On the other hand, it would be even more convincing if parts of the drowned lands could reappear
at sea level, temporarily or pemanently visible in the light of day. 

A very curious example of this possibility occurred in March 1882. 

Unlike many alleged sightings of Atlantean ruins before that time, it was well reported in a ship's log
and also in the press.  It concerned the encounter of a steamship with an uncharted island in heavily traveled sea lanes and the unusual material that was
found there by the ship's captain and his crew.

The vessel was named the S.S. JESMOND, a British merchant ship of 1495 tons,
bound for New Orleans with a cargo of dried fruits from its last port of call in Messina
Sicily.  The Jesmond was captained by David Robson, holder of master's certificate
27911 in the Queens' Merchant Marine. 

The Jesmond passed through the Straits of Gibraltar (the ancient Pillars of Hercules)
on March 1, 1882, and sailed into the open sea.  When the ship reached the posit-
ion 31degree 25'N, 28degree 40'W, about 200 miles west of Madeira and about the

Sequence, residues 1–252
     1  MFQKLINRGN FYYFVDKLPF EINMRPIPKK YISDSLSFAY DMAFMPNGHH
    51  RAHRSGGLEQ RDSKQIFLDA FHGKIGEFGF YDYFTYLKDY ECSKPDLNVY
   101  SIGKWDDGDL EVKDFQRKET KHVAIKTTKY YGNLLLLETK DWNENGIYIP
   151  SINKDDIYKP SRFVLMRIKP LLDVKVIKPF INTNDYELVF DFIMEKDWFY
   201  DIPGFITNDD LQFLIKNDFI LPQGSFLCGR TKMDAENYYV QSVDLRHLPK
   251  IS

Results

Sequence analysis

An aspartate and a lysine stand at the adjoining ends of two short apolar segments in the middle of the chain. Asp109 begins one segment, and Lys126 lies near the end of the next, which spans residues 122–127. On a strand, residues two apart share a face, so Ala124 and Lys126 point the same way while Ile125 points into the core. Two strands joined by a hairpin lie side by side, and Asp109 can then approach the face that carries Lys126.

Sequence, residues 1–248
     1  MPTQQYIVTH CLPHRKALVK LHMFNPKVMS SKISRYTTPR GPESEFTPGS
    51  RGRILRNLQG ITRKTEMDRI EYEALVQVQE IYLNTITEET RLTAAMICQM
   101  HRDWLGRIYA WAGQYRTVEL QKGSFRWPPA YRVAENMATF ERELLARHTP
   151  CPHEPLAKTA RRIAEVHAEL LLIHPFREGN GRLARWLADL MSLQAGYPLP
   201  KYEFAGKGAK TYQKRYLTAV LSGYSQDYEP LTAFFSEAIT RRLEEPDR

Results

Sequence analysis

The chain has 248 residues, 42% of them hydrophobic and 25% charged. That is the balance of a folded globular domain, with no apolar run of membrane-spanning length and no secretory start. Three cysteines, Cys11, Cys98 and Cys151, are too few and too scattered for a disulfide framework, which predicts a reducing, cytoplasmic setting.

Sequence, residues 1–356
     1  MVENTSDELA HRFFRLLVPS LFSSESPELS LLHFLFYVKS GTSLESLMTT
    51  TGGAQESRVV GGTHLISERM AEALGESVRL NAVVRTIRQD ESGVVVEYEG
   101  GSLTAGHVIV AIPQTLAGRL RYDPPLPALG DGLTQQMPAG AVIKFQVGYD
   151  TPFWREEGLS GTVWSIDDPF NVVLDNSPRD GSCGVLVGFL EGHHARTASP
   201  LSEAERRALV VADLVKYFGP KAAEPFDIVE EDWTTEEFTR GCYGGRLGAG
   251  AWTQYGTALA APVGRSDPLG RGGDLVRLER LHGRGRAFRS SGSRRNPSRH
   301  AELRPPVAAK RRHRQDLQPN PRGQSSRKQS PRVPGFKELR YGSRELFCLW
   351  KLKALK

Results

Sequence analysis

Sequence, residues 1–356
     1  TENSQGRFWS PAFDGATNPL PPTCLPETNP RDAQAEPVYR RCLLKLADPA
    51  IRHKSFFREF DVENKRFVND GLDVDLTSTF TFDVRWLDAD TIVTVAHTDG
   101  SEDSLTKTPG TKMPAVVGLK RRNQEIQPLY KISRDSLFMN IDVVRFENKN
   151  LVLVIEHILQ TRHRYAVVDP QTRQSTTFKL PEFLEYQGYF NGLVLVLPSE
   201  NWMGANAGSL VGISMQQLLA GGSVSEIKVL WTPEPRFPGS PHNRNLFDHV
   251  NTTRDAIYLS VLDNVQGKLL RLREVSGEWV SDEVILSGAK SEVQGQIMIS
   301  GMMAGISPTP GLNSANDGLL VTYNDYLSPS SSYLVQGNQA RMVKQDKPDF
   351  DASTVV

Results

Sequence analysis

same distance south of the Azores, it was noted that the ocean had become unus-
ually muddy and that the vessel was passing through enormous shoals of dead fish,
as if some sudden disease or underwater explosion had killed them by the
millions. 

Just before evening on the first day of encountering the fish banks, Captain Robson
noticed smoke on the horizon which he presumed came from another ship.
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Bianca
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« Reply #3 on: May 16, 2009, 08:45:11 am »









On the following day, the fish shoals were even thicker and the smoke on the
horizon seemed to be coming from mountains on an island directly to the west,
where, according to the charts, there was no land for thousands of miles.  As
the Jesmon approached the vicinity of the island, Captain Robson threw out an
anchor at about twelve miles offshore to find out whether or not this unchartered